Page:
A river flow reverse like this is not common but it has happened before. Hurricane Isaac in 2012 produced this same phenomenon, as did a few other storms, but Ida is definitely joining a small group of storms that had the power and potential to do this.
5. Life after landfall
Another amazing feat that Ida accomplished was maintaining its strength well after landfall. Since cyclones feed off of warm waters, once it gets over land the storm should start to weaken dramatically, but Ida didn’t. Ida remained a major hurricane for several hours after landfall and maintained hurricane strength for an impressive amount of time.
There are two reasons for this.
“The first being the storm was rapidly intensifying at the time of landfall. Hurricanes in the process of intensifying take longer to begin weakening when encountering adverse conditions.” DesRosiers said. “The second reason is a phenomenon coined the ‘Brown Ocean Effect.’ The idea is that Southeastern Louisiana is composed of swamps, wetlands and saturated soils from heavy repetitive rains this year beginning long before Ida. This provided an energy source allowing Ida to maintain its structure and intensity further inland.”
There are still more than three months remaining of the 2021 hurricane season and peak season is still a couple of weeks away. More storms with more Rapid Intensification and power may be in the forecast. CSU issues hurricane season forecasts every year and updates them multiple times a month during the season. Accounting for the activity that has already taken place in the Atlantic basin, “the CSU seasonal forecast calls for seven additional storms, four of these reaching hurricane intensity and two of those reaching major hurricane (Category 3 or higher) status,” DesRosiers said.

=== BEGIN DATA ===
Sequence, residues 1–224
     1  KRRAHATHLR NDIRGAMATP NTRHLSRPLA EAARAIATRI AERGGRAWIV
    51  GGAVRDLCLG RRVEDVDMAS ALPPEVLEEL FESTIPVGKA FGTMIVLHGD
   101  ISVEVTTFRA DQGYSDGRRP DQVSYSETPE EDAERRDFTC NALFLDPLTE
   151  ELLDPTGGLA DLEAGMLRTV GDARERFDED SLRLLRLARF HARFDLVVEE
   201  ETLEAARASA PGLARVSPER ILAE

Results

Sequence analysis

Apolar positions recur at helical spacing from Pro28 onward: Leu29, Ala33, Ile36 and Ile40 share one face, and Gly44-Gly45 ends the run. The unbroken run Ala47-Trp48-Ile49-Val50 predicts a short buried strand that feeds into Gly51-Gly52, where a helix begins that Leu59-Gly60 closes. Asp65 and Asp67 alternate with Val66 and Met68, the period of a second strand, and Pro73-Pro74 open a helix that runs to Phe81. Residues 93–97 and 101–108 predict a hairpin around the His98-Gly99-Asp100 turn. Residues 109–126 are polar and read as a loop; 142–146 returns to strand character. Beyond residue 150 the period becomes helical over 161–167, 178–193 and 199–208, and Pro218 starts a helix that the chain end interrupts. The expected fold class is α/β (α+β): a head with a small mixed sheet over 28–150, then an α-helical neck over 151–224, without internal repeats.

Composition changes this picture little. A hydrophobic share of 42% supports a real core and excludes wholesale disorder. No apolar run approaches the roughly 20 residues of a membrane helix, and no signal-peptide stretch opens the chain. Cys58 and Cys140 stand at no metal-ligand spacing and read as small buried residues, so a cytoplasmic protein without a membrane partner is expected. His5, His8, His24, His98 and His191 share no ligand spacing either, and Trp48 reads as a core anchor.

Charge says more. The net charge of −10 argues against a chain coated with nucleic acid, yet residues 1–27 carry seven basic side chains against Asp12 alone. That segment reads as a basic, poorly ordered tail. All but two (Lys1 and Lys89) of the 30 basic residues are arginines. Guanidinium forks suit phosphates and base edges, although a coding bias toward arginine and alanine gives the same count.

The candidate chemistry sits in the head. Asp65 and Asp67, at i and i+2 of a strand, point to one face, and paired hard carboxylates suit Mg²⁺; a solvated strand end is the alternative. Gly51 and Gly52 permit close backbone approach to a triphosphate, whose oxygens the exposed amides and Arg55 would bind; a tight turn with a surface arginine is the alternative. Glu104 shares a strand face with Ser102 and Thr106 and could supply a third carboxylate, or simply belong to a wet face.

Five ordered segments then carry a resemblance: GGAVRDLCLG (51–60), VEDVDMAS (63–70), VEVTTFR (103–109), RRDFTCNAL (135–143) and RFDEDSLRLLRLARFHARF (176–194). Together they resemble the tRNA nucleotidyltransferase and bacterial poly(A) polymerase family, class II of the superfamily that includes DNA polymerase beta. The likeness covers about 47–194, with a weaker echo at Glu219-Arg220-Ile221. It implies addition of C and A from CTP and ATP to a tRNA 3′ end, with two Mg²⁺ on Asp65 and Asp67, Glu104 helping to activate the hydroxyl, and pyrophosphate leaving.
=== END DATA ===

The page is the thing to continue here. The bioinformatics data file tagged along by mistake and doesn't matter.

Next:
For those along the southeast coast of Louisiana, this hurricane season has already been an extremely emotional and violent ride which proves that it only takes one storm to greatly impact you. More than a million customers remain without power in Louisiana and Mississippi. As with every hurricane season, it only takes one storm for it to be a memorable one and unfortunately, there may be others that have to face their own tropical threats in the coming months.